Garrison Keillor may be the hardest-working man in the business of popularizing poetry. The host of “A Prairie Home Companion” reads a poem a day for “The Writer’s Almanac,” a podcast on 400 public radio stations (including Memphis’ WKNO-FM).
Memphis poet Corey Mesler, who sometimes publishes more than one book of poetry a year and runs Burke’s Book Store with his wife, Cheryl, has scored twice on the program. Keillor read Mesler’s “Sweet Annie Divine” on May 10, 2006, and his “God Bless the Experimental Writers” on Dec. 4, 2009. (To hear them, go to the archive at writersalmanac.publicradio.org.) “Sweet Annie Divine” also was included in Keillor’s 2011 book “Good Poems, American Places.”
This year, besides a book of short stories — “As a Child” (MadHat Books, $18) — Mesler published two volumes of poetry: “The Catastrophe of My Personality” (Blue Hour Press, $15) came out in March, and “The Sky Needs More Work” (Upper Rubber Boot, $12) in July, bringing to 18 the number of his published collections since 1997.
As both a producer and a retailer of poetry, Mesler is not only grateful to patron saint of poetry Keillor, but also is well positioned to affirm the accuracy of a quote he recalls by novelist John Fowles: “Poetry, alas, is something you can’t sell.”
But Mesler is dauntless: “If you want to talk magic, I’d like more people to leave their homes occasionally to visit the bookstore to hear a poet read. How nice it is to hear a poet read his or her own words! How nice to know that you can take those words home with you in little packets called books!” The poem “Privation” illustrates a bit of the magic Mesler conjured in his most recent book: “Outside/ one more acorn/ hits the porch./ In here,/ inside my void,/ a tree falls.”
Fellow Memphis poet Gordon Osing writes on the cover of “The Sky Needs More Work” that Mesler’s poetry is “sustaining the Memphis school.” Osing, who taught in the University of Memphis English department for 30 years and founded the River City Writers Series, also does his part, this year publishing his 10th collection under the title “Silent Movies” (Spuyten Duyvil, $12). The poem “Slinky” from that work illustrates the dark edge Osing brings to a playful mood: “Falling into myself, drawn to fall/ into myself, I find myself slung/ down one step to the next, falling/ into a circular pile, the last of me/ flung down to still another, until/ I reach the bottom and become/ a coiled stack. …”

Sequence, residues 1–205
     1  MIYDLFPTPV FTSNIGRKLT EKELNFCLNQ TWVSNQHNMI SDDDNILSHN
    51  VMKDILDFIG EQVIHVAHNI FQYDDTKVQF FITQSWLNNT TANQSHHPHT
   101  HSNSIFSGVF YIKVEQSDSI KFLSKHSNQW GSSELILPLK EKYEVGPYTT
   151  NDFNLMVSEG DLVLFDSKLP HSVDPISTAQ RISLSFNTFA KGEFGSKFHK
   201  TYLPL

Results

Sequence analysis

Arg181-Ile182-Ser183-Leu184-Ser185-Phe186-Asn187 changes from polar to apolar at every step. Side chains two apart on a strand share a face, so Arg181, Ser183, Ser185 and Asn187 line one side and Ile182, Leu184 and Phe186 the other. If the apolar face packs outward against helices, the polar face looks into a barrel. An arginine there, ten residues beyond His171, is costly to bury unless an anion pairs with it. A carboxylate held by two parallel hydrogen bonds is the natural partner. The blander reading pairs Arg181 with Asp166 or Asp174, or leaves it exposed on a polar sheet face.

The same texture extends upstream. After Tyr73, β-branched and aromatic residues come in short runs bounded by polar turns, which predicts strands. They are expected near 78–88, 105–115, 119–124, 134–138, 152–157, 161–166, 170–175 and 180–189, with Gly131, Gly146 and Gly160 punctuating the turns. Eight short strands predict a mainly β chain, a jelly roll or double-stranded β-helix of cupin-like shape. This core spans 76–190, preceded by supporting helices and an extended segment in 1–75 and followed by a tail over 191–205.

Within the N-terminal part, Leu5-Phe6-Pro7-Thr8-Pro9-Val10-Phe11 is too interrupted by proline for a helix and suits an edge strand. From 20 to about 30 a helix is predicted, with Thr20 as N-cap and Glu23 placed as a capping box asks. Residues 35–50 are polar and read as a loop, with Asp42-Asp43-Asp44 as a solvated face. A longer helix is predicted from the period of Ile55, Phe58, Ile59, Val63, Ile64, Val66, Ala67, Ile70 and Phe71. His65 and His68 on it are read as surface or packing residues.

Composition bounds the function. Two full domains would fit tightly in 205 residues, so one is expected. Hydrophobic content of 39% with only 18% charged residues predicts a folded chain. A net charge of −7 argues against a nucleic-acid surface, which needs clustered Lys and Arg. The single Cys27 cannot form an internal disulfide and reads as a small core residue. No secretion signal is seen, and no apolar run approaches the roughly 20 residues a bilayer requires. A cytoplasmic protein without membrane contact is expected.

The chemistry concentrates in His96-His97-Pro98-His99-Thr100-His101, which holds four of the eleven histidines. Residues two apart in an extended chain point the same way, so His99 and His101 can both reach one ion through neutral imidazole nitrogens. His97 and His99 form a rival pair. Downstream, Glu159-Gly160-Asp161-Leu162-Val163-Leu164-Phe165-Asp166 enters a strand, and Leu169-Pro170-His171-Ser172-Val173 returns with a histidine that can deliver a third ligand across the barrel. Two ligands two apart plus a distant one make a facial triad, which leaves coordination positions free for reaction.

University of Memphis professor John Bensko published his fourth poetry volume this year. “Visitations” (University of Tampa Press, $14) “ventures into the nineteenth century of the American frontier and of the psyche,” Bobbie Ann Mason says on the cover. This is the beginning of his poem “Yellow Fever: Holly Springs, Mississippi, September 1878”: “Sister Margarete we laid on the grass under/ the poplar tree this morning. Her hands we folded/ over her chest. We wrapped the stiffened fingers/ around her missal with the covers torn./ We had not strength to watch as they piled her/in the wagon with the others.”
Caki Wilkinson’s “The Wynona Stone Poems” (Persea Books, $15.95), published this month, come with the blessing of Lena Dunham, creator and star of HBO’s “Girls.” Dunham calls this series of poems about the Stone family “something miraculous.” Wilkinson, a 2003 graduate of Rhodes College and now an assistant professor at Rhodes, introduces her title character in the poem “The Brink”: “… Today her mean streak is kicking in./ She hates her job. She blames the jobs she quit/ and jobs she didn’t get. She blames before/and some day soon … .”
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